Matthew Sweeney’s palette in My Life as a Painter – his twelfth collection – features a wild mix of birds and animals: lizards, snakes, rats, camels, donkeys, feral cats, dogs and owls. One dog transmits telepathic requests for the food he wants, and there’s a parrot who speaks as ambassador for the bird world. Sweeney’s canvas here is the transhuman: where boundaries between human and non-human can’t be fixed, dreams turn into torments, secrets stay hidden, strange communiqués remain unclear, and the natural weirdness of his native Donegal verges on the surreal.
There are poems ostensibly about art, artists and filmmaking which are as much portraits of the poet and the difficulties of writing poetry. Other poems offer oblique perspectives on religion, warfare, migration and displacement; or go off at a tangent to explore the imaginative possibilities of everything from Michigan’s Mullett Lake and the geysers of Iceland to rope-ladders, tin-mines, a giant blue cabbage and an old thrown-out Christmas tree.
'...one of the most adventurous, life-enhancing and distinctive poets of his gifted generation.' – Bill Swainson paying tribute to the late Matthew Sweeney in The Guardian
'Matthew had the courage of his own idiosyncratic sensibility; nobody now writing has Matthew’s gift for employing language and images of fable to such a dark and unsettling effect, ringing the changes from tenderness to dark comedy with such power and verve.' – Theo Dorgan, paying tribute to Matthew Sweeney in The Irish Times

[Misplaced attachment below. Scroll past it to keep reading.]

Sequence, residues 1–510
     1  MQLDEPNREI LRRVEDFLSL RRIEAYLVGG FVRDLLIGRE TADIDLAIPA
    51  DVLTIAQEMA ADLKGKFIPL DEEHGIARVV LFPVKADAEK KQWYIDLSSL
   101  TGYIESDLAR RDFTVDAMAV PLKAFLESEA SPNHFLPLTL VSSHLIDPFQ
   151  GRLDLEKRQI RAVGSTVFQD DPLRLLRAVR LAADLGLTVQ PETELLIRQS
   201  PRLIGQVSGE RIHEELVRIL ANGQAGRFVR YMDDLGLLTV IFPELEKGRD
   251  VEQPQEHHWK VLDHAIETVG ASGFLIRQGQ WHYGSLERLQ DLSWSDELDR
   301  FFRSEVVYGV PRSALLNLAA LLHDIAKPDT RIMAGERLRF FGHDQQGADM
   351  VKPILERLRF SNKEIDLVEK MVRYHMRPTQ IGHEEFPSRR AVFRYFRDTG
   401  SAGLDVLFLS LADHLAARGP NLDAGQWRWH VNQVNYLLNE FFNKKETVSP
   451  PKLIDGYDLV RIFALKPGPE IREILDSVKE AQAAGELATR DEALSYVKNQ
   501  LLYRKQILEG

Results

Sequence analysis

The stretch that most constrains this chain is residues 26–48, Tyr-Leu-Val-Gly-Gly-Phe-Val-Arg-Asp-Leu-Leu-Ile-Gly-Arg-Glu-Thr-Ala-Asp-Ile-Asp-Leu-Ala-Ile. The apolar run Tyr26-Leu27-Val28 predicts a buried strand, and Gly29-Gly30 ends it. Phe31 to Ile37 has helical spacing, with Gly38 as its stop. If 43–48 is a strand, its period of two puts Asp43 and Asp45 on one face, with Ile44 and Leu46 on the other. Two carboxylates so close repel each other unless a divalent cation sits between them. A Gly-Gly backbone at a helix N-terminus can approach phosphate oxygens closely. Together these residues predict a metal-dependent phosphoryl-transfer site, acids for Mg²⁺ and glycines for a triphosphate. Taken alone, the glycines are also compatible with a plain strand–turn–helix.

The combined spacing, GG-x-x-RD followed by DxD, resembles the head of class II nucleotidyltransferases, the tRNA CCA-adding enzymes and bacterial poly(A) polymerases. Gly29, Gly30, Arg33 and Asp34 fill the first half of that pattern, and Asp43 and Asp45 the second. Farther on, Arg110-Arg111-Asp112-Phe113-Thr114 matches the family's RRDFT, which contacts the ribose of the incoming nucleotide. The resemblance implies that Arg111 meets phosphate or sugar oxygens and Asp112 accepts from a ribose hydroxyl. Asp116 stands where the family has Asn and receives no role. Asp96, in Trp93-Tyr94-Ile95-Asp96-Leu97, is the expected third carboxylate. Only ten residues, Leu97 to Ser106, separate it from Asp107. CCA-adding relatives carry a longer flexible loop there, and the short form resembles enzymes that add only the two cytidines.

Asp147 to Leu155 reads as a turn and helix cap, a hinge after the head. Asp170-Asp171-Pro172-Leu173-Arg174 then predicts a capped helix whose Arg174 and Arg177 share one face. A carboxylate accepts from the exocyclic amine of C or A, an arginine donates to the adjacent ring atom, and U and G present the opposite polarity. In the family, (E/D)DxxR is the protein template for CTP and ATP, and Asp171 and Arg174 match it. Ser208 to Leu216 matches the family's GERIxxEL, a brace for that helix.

‘There’s an exuberance about the fantastical imagery of Cork-based Matthew Sweeney that gives his work the kind of popular accessibility you don’t often find in a poet so accomplished and experienced. Despite the fact that My Life as Painter is his 12th collection, he remains not only committed to taking his art to its highest form, but to ensuring his words still touch his readers.’ – Cork Evening Echo
‘Matthew Sweeney is a hugely talented poet and this is a richly imagined and rewarding collection in which he is writing at the height of his powers.’ – David Cooke, Manchester Review [on Inquisition Lane]
Matthew Sweeney reads from Horse Music
Matthew Sweeney introduces and reads six poems from Horse Music (2013): 'Horse Music', 'Fans', 'The Tunnel', 'Sunday Morning', 'The Slow Story of No' and 'Booty'. Neil Astley filmed Matthew Sweeney at his home in Cork in February 2012.
Matthew Sweeney reads from Inquisition Lane at Ledbury
Matthew Sweeney reads and introduces five poems from Inquisition Lane: ‘The Biggest Task’, The Insurance Agent’, ‘Into the Air’, ‘Elegy for the Moonman’ and ‘Inquistion Lane’. Filmed by Neil Astley, this video shows part of his reading following an interview with Maitreyabandhu at the Adisthana Retreat Centre, Coddington, part of Ledbury Poetry Festival on 6 July 2016.